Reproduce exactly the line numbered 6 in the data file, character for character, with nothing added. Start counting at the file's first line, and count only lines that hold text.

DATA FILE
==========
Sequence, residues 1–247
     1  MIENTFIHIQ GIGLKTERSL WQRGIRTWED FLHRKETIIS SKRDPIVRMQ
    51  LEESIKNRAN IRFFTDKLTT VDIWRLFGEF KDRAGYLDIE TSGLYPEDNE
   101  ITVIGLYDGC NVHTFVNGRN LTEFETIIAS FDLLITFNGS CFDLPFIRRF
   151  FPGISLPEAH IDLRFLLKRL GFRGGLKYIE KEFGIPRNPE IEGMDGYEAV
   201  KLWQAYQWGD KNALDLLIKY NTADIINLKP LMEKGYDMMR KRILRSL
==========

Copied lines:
   201  KLWQAYQWGD KNALDLLIKY NTADIINLKP LMEKGYDMMR KRILRSL